This is the birthday of Thomas Edison, who had more than one thousand patents and who remains one of America's most honored inventors.
This is a day to celebrate all inventors. One of the most unexpected inventors in U.S. history, to me at least, is glamorous actress Hedy Lamarr.
Born Hedwig Eva Maria Kiesler in Vienna, Austria-Hungary, Hedy Lamarr had an interesting life. She studied ballet and piano as a child, and acted in German films as a teenager. She married a man who turned out to be controlling and who didn't like her to be in movies. Her husband manufactured arms, and Lamarr, who was intelligent and gifted in math, learned a lot about military technology from attending meetings with him. She became angry when she realized that her husband was consorting with Nazis (both she and her husband were Jewish), so in 1937 she disguised herself as one of her maids and ran off to Paris.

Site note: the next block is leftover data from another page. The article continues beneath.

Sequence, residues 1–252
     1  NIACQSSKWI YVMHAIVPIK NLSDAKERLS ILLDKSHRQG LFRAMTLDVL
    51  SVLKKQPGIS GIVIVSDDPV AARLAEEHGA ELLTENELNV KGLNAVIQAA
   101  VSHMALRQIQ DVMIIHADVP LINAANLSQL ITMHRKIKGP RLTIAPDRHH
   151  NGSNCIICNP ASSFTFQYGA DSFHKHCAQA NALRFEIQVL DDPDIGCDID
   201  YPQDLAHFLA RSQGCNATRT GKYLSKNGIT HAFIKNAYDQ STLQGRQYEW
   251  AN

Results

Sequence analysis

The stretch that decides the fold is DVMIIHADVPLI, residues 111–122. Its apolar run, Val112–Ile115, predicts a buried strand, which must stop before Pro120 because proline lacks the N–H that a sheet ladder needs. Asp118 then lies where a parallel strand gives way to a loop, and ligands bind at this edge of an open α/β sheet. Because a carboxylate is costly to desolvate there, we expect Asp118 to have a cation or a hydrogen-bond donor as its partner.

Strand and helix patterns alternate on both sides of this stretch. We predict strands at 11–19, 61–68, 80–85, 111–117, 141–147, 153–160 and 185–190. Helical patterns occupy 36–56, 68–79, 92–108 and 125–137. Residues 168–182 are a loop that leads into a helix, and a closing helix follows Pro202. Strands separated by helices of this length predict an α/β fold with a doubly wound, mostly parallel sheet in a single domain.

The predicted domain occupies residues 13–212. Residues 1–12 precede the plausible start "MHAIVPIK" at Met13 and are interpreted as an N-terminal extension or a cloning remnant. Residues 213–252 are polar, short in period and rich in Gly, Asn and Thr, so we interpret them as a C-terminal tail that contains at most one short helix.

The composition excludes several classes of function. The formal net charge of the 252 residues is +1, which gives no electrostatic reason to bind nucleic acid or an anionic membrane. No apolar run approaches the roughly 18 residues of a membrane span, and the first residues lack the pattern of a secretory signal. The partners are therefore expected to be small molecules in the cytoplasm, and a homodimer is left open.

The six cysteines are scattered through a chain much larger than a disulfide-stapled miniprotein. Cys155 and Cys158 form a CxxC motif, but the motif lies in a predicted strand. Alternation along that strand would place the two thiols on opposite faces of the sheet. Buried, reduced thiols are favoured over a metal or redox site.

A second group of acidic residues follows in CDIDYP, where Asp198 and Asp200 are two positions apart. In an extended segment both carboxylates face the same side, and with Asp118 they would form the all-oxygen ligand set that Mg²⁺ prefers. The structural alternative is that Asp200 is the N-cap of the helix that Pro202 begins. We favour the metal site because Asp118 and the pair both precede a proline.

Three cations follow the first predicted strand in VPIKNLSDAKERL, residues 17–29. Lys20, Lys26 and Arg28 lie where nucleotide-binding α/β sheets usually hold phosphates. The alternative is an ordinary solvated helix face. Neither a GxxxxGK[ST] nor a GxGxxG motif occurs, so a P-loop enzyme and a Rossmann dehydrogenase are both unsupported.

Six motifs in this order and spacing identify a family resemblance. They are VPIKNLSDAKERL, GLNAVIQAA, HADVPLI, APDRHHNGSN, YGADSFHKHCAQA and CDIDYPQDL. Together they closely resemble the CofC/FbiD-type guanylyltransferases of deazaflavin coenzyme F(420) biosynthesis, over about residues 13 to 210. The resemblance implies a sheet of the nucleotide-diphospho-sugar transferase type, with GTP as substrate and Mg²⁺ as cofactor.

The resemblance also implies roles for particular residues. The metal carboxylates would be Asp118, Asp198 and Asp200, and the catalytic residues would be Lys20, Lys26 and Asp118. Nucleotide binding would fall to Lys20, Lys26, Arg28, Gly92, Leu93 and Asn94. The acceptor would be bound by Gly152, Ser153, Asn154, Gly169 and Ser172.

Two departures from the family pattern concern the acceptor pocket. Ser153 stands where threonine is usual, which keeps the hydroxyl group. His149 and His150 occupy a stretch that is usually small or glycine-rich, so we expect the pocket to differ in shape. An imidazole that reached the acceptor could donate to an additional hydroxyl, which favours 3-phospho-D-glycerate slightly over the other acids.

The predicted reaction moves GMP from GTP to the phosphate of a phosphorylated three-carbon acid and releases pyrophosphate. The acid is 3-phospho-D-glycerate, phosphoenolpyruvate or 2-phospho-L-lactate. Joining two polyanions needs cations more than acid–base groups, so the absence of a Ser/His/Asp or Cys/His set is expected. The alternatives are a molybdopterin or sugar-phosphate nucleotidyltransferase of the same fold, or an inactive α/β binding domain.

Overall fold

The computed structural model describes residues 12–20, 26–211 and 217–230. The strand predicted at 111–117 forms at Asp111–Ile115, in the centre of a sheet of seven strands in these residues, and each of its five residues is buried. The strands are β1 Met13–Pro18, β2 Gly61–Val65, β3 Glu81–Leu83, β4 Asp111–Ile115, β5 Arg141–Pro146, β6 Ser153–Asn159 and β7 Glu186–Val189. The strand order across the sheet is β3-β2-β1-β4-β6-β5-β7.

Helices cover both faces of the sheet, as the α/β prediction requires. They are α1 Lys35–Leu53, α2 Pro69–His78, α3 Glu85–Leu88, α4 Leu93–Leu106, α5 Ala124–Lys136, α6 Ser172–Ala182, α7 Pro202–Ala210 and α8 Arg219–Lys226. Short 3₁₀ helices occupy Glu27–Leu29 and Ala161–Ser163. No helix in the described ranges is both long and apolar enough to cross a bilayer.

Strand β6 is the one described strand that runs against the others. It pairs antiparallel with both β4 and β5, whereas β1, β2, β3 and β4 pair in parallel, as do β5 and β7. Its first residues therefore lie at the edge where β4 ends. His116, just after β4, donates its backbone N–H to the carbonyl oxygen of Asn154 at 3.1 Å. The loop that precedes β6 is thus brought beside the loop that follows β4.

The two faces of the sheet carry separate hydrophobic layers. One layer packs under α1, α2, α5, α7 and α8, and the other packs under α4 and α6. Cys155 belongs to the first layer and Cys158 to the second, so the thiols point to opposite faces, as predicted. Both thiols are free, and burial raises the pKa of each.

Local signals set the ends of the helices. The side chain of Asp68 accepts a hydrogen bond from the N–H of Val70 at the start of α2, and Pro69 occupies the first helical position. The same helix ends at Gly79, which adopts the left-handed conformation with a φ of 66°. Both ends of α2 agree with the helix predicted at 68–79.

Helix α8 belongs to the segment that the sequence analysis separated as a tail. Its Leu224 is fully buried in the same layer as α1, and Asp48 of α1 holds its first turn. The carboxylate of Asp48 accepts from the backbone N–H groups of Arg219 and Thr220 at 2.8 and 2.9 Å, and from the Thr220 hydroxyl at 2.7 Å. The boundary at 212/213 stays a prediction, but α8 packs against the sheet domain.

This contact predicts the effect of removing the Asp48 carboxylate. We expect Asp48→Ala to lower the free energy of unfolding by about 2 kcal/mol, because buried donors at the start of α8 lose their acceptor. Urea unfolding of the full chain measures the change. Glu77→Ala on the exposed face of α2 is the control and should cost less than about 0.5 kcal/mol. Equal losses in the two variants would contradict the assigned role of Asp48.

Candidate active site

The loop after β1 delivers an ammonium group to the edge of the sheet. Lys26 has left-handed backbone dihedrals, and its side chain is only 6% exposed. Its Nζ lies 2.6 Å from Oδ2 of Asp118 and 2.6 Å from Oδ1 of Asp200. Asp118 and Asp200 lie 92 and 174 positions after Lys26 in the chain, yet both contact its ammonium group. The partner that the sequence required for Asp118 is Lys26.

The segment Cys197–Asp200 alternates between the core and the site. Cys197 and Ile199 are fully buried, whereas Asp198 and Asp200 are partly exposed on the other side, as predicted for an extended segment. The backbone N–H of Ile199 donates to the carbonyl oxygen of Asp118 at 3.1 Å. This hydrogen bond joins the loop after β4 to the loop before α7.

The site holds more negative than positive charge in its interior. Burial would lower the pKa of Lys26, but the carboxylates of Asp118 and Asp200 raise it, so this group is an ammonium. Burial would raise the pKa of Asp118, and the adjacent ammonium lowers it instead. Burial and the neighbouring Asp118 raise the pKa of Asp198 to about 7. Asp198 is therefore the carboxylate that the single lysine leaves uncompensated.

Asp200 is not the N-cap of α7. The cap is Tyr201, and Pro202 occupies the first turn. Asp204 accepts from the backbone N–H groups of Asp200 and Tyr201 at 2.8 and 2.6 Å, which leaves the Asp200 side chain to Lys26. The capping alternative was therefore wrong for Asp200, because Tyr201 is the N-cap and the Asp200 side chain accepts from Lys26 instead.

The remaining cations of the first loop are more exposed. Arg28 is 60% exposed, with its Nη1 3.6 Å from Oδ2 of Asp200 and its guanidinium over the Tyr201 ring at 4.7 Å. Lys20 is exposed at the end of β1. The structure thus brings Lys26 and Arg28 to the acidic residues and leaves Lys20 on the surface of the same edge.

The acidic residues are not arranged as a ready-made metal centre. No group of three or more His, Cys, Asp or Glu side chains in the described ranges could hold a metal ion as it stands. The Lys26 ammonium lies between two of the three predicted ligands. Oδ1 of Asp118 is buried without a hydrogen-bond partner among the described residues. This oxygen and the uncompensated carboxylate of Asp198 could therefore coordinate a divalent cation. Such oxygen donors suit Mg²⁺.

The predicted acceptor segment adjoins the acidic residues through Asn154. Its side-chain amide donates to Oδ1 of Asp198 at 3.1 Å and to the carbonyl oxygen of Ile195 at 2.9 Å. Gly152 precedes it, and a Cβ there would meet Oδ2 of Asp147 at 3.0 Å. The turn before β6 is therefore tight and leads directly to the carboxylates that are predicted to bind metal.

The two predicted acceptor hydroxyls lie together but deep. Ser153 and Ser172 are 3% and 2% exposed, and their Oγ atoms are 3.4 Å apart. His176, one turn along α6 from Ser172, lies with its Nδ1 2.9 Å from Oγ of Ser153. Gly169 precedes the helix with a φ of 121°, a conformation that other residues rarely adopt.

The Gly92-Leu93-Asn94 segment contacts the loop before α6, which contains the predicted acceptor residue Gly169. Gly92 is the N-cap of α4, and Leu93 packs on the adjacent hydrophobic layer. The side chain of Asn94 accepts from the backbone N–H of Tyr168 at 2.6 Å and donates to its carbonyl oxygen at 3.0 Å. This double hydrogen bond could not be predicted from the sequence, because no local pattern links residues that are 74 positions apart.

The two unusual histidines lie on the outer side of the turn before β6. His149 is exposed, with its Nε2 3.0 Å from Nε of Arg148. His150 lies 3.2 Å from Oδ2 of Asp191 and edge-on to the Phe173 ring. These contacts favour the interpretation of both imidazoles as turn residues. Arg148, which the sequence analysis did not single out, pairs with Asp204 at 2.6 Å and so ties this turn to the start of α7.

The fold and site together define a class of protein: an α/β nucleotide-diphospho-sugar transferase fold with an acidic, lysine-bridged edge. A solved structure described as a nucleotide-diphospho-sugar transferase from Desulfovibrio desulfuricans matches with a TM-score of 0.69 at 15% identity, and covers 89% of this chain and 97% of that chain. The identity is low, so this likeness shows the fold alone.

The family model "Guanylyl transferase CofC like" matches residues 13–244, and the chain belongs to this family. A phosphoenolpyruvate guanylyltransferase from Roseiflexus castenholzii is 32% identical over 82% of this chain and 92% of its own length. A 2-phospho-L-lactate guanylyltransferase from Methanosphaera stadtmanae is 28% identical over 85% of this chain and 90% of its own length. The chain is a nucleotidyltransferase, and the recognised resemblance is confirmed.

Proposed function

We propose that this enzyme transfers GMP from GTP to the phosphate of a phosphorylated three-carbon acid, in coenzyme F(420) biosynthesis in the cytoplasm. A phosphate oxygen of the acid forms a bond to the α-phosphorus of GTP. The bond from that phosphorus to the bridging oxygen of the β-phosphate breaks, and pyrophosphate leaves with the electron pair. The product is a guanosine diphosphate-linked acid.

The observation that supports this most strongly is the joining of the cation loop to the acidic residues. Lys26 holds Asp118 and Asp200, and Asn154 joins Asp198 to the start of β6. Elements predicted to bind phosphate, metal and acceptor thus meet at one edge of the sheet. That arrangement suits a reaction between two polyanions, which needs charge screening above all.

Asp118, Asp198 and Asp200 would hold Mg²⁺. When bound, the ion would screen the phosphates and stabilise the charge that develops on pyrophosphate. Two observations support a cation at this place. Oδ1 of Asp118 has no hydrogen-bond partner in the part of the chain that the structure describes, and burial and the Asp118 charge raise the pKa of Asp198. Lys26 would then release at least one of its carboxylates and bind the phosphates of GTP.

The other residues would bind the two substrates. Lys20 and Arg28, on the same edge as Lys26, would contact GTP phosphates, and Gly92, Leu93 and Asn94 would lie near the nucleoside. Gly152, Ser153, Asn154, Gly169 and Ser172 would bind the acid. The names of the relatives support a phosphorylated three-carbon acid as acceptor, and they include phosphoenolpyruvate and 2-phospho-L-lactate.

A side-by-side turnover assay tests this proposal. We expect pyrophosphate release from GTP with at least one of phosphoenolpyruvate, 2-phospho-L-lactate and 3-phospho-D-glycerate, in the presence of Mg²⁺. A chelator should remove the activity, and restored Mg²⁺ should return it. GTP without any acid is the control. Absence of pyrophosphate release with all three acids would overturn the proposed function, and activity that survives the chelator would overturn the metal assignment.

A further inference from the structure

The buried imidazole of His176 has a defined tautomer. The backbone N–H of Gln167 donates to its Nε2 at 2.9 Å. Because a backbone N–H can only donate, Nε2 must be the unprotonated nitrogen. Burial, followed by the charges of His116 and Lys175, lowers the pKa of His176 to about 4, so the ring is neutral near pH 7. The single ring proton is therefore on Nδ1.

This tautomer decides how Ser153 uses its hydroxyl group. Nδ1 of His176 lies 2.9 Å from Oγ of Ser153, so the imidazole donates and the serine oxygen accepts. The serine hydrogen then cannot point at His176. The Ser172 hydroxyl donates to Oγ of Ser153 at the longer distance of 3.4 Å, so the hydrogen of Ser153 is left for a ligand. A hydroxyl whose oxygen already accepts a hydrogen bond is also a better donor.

Lamarr went from Paris to London to Hollywood. There MGM heads changed her name and cast her in 18 films.
So...where does the title “inventor” come in?
Hedy Lamarr, as you recall, learned a lot about military technology. Well, during World War II, Lamarr and German immigrant and composer George Antheil came up with an idea for a secret communication system based on frequency hopping. Their invention, which they patented, used a piano roll from a player piano to change between 88 frequencies; it would make radio-guided torpedoes harder for enemies to detect or jam.
There was a lag in the military development of the idea, but eventually it was used during a blockade of Cuba. In the 1990s, Lamarr got an award for her idea plus payment (in stock) for the rights to develop the idea, which became “modern spread-spectrum communication technology.”
In other words, Hedy Lamarr invented something that is used today in many cordless and wireless telephones.
Check out these inventions.
- Invisibility sweatshirt. (Can we have it in a cloak style, please?)